Working in concert: small jazz ensembles don’t fall flat

Rowan's first small jazz ensemble performance of the night on October 9 included the works of Luis Bonfa, Duke Ellington. - Arts & Entertainment Editor/Tara Lonsdorf

On Oct. 9, at Boyd Recital Hall, members of Rowan University’s music department were getting jazzy. Under the direction of faculty jazz percussionist Dan Monaghan and jazz professor Douglass Mapp, four groups of ranging in size from four tp six musicians each, performed works of jazz legends such as Charlie Parker, Duke Ellington and Luis Bonfa.

Law and justice studies major Kevin Hewitt performed bass with the first group to take the stage, performing songs such as “My Romance,” originally by Richard Rodgers and Lorenz Hart.

“I am always happy to take the stage and perform,” Hewitt said. “But this one was especially exciting because it was my first concert of the semester. It was quite nerve wracking to be the first group up, but we were prepared for the show. It’s always exciting to be on the stage and just make something that only your group can make.”

Kevin Hewitt performs bass. – Arts & Entertainment Editor/Tara Lonsdorf

According to sophomore music industry and jazz performance double-major Jonathan Episcopo, who played trombone alongside Hewitt in the first group, the preparation for this event extended both in and outside of classroom learning.

“We meet once a week for an hour and fifteen minutes, performing a number of jazz standards before coming to a decision as to what our concert tunes will be,” Episcopo said. “Most of our preparation however, lies outside of class, learning and drilling the forms of songs so that when soloing or directing the ensemble we feel comfortable to take charge.”

Jonathan Episcopo performs trombone in his small jazz ensemble. – Arts & Entertainment Editor/Tara Lonsdorf

For many of the student musicians, this performance was made possible by the support offered by the faculty within the Rowan University Music Department.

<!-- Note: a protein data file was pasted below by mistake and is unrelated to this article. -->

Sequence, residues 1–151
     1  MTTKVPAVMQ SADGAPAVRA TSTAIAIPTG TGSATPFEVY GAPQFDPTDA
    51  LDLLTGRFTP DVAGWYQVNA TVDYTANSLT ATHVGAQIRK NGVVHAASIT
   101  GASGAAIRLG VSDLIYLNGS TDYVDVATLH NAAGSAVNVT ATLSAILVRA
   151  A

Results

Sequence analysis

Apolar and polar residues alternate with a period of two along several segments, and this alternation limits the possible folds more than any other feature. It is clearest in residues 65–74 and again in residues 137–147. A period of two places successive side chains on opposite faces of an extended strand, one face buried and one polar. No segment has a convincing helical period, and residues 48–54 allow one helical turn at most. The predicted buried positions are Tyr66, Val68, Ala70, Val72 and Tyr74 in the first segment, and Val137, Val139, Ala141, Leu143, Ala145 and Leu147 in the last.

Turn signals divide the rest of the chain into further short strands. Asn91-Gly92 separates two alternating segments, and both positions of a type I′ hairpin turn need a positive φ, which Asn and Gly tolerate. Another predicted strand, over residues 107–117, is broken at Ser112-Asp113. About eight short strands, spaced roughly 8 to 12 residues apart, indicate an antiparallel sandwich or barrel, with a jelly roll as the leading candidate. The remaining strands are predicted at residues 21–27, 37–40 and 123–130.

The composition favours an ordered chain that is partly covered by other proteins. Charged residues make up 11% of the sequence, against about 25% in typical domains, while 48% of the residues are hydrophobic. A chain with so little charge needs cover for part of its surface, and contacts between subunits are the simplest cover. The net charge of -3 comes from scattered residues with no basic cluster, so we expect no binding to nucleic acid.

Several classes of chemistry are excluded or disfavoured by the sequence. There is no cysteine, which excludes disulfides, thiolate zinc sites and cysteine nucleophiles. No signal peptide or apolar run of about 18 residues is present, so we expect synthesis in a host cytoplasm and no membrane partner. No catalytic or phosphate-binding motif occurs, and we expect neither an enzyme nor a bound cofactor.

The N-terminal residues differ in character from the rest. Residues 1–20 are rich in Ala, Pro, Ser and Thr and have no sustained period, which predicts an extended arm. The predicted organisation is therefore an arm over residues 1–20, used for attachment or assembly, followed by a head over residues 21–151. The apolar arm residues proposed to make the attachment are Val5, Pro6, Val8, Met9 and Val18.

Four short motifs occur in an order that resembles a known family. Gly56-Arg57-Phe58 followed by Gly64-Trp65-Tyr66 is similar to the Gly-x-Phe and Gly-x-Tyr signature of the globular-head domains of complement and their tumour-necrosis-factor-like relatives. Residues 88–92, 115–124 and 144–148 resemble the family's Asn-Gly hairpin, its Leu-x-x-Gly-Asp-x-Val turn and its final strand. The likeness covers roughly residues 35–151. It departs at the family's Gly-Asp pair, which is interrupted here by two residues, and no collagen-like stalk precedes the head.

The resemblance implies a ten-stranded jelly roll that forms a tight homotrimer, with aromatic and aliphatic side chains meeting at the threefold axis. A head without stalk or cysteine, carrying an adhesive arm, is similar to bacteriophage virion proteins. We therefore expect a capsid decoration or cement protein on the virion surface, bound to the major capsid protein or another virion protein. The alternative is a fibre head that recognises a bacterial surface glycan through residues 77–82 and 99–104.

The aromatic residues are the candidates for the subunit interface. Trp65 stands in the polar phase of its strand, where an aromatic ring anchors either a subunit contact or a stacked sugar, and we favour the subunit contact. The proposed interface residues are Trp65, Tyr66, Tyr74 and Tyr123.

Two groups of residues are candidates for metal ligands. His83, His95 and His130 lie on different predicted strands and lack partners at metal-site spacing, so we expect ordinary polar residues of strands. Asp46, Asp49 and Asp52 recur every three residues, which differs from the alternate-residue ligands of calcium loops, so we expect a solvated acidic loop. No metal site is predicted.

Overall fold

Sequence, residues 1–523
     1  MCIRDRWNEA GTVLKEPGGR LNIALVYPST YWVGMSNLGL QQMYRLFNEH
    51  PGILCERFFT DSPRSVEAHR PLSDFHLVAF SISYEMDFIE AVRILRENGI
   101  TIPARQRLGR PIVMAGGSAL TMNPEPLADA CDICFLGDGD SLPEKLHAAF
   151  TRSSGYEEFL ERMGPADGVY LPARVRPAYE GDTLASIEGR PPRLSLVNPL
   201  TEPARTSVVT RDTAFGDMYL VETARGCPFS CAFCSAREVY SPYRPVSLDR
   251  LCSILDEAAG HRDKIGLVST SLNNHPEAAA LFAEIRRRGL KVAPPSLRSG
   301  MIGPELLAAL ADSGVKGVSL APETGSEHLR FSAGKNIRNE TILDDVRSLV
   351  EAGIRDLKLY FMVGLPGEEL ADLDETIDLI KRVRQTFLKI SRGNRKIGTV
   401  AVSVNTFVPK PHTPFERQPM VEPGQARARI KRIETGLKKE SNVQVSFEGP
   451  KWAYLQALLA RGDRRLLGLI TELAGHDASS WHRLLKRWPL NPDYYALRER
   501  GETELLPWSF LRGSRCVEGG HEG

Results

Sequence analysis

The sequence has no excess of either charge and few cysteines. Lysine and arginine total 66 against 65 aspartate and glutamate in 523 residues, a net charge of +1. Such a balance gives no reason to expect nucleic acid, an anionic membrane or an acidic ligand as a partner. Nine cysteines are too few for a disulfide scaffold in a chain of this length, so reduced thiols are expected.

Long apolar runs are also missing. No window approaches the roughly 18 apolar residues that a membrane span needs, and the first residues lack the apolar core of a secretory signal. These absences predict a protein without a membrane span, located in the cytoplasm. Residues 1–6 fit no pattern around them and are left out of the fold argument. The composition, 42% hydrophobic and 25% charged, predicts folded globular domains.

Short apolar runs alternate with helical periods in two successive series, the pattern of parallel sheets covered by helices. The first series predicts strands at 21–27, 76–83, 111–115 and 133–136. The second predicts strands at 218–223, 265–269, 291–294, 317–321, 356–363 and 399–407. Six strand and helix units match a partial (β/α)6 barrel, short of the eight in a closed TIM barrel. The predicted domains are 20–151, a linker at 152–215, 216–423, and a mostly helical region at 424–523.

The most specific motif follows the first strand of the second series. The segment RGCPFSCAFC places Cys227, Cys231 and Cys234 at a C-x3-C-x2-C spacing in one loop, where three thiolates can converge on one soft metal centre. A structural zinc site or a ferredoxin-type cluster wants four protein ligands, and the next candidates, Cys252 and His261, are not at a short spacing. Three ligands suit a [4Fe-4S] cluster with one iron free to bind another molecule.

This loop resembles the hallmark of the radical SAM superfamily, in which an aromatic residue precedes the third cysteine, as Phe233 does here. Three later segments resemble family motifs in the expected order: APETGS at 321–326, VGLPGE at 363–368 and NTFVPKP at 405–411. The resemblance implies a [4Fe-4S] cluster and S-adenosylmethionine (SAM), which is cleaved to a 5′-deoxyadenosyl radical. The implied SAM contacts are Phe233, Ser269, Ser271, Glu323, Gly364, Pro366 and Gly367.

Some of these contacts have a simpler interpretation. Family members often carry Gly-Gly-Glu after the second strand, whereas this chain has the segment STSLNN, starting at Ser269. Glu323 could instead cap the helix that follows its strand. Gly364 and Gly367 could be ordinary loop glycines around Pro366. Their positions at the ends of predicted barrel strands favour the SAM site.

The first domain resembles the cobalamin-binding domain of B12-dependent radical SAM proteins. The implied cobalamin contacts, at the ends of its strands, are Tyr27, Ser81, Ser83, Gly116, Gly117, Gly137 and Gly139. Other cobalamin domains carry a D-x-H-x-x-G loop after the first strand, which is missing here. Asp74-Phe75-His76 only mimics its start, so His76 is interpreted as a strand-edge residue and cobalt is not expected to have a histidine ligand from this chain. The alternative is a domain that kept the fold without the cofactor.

“Coming to Rowan, I didn’t really know how the mechanics of jazz really worked,” Hewitt said. “Thanks to Professor Mapp’s lessons, I’m making great progress with reading bass lines. Every week (sometimes even twice a week) we would work on our jazz songs and other exercises to really get a feel for the songs.”

Hewitt also believes that working with Mapp, a principal player in the Reading Pennsylvania Symphony who had recorded with artists such as Lana Del Ray and R Kelly, has been a formative experience for him as a musician.

“I’m a Law and Justice major that has the ability to take private lessons with one of, if not the, best bass players in the state,” Hewitt said. “[Also] to perform in an amazing orchestra and perform in a small group where we get to choose the set and really have control over the songs we have. And having the chance to still do something I love and truly further my knowledge of the upright bass is phenomenal, and every day I’m so grateful to go to a school to let me do that.”

Upcoming music events include Faculty Spotlight of guitarists Brian Betz and Joseph Mayes on Oct. 17, at 8 p.m. in Boyd Recital Hall, as well as a performance by the Rowan University Orchestra on Oct. 23, at 8 p.m. in Pfleeger Concert Hall.

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